‘Unexpected Gifts’ and more on local stages

Photo by Lisa Nelson

Edsel Ford High School will present two short productions in “An Evening of Unexpected Gifts.” One of the two, an operetta by Gian-Carlo Menotti, “Amahl and the Night Visitors,” features 14-year-old freshman Michael Nelson (left) as the page, 17-year-old senior Lucas Ramon as Kaspar, 15-year-old sophomore Benjamin Timpf as Balthasar and 15-year-old sophomore Nathan Booth as Melchior. The show runs Dec. 14 to 17 with a 7 p.m. curtain.

By Sue Suchyta
Audiences will find treasures this holiday season not under the tree but on stages all around town.

Edsel Ford High School in Dearborn will present “An Evening of Unexpected Gifts” at 7 p.m. Dec. 14 to 17 with Jon Jory’s “The Gift of the Magi,” based on the classic O. Henry story and “Amahl and the Night Visitors,” an operetta by Gian Carlo Menotti, which was the first opera ever written for television.

Director Robert Doyle said he hopes audiences will enjoy the gifts of seeing the students’ acting, singing and dancing talents on the stage, adding that he hopes the messages of the stories will come out as well.

Simone Calvas is choreographing “Amahl.”

In “The Gift of the Magi,” financially struggling newlyweds long to purchase special Christmas gifts for each other.

The couple is played by 17-year-old senior Meara Thierry as Della and 15-year-old sophomore Errick Lisk as Jim. Clare Russell, a 16-year-old junior, plays Dot, Della’s sister.

“The theme is not just Christmas – it’s about unexpected gifts,” Thierry said. “What you get out of the story is that they were willing to sacrifice their most prized possessions for love.”

“And even though the presents that they got each other were useless,” Lisk said, “they still love each other even more so in the end than they do in the beginning.”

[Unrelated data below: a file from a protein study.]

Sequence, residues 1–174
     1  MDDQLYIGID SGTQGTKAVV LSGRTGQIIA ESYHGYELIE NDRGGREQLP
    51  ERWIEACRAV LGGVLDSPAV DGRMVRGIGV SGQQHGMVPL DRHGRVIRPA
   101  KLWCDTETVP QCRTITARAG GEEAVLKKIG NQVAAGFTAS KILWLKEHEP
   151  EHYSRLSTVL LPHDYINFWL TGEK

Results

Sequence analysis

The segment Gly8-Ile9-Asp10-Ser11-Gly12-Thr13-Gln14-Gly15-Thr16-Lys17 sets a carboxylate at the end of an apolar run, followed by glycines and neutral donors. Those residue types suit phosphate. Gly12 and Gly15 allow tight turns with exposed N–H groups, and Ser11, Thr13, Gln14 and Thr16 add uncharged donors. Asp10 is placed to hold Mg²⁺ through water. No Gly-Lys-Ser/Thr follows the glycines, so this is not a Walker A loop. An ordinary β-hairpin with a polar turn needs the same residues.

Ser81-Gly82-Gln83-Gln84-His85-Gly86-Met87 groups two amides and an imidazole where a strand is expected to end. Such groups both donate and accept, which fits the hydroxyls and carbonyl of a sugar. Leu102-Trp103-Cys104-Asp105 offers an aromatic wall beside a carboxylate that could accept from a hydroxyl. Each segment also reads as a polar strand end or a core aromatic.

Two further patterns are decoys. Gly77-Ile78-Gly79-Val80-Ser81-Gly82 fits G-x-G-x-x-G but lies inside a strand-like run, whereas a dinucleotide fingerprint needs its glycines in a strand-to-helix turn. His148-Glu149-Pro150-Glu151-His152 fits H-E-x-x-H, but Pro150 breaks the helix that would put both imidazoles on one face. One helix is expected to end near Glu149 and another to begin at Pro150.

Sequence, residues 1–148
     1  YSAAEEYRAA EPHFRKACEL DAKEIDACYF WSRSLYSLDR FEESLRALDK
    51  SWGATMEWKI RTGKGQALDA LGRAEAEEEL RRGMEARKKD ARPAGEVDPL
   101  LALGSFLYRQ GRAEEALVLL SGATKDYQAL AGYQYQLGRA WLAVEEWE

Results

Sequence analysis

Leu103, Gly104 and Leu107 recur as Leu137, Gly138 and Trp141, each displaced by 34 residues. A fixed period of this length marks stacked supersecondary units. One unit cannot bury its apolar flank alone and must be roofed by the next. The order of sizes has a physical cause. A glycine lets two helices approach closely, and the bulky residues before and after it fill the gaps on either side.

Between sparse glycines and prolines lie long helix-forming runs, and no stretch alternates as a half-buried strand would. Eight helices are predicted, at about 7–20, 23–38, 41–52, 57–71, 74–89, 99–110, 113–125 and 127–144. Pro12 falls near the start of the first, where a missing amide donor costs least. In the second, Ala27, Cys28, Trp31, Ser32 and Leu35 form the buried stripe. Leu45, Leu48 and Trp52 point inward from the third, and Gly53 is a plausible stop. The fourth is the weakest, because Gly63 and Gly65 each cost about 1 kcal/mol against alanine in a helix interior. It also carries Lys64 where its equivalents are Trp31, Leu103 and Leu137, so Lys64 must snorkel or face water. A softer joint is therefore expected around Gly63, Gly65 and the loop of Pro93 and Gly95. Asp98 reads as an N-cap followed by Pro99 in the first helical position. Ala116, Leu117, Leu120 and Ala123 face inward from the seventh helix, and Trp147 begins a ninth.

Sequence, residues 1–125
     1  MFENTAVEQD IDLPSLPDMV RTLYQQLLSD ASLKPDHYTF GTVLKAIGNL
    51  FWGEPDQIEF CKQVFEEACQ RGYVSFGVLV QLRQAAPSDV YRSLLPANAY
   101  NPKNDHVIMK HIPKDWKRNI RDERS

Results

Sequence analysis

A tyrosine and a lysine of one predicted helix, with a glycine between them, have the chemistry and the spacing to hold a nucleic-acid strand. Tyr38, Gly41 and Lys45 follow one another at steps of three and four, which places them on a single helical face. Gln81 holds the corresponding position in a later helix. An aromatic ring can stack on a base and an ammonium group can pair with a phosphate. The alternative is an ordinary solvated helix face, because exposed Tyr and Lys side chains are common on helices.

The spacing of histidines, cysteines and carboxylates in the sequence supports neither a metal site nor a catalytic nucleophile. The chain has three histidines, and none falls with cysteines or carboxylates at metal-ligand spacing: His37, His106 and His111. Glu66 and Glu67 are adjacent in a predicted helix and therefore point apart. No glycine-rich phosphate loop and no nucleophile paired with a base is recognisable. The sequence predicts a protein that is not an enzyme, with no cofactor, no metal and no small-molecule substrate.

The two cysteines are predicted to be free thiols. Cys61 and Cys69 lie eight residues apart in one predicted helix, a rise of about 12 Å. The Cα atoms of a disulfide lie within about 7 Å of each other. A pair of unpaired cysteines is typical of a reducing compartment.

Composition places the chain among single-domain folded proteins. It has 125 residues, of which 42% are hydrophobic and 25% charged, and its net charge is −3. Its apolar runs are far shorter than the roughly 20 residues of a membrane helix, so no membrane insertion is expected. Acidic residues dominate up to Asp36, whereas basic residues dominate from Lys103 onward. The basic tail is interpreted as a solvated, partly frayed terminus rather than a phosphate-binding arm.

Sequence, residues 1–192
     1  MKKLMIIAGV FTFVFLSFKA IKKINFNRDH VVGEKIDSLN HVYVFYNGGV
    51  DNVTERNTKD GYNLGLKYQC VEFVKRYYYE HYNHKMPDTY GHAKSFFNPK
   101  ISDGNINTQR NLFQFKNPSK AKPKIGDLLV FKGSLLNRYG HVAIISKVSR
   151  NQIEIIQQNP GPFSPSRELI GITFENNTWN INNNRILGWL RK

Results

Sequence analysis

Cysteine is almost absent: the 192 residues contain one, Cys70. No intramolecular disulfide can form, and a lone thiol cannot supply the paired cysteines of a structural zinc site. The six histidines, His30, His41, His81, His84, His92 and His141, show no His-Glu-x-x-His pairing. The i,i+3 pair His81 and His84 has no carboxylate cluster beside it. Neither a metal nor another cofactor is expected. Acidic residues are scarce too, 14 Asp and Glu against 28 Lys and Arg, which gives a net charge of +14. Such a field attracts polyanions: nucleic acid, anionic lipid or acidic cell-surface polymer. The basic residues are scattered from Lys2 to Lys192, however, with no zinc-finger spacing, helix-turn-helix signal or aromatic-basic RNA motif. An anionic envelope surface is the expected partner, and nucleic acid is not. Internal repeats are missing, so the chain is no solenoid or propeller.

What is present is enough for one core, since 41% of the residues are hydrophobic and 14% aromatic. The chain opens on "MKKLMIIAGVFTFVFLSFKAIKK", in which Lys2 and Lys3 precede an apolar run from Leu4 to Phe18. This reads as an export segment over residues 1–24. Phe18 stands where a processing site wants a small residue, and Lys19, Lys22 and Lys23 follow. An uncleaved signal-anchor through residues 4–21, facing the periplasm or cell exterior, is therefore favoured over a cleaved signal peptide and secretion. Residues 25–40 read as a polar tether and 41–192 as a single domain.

Thierry said that they are not seeing it as a religious themed show, but as entertainment.

“There’s no religious background in this show,” Russell added. “It’s more… this is something that you should learn about giving. You should like to give, and you’ll receive if you do give.”

Other cast members in “The Gift of the Magi” cast include Lily Melekian as Clarice, Spencer Venis as Digsby, David Nycz as Art, Deanna Dib as Donna, Teria Berry as the woman with the umbrella, Meredith Brehab as the boot clerk, Kevin Talanges as the watch clerk, Joanna Franz as Madame Vodskaya and Lauren Dewulf, Katelyn Harrison and Lauren Wycka as carolers.

The second story, the operetta “Amahl and the Night Visitors” tells of a poor widow and her lame son Amahl, who might soon be reduced to begging to survive. When three wealthy kings seek shelter in their home, Amahl and his mother listen in wonder of the newborn king they have sought following a star. However, when the widow is tempted by the kings’ wealth to provide for her son, events unfold illustrating the selfless side of giving.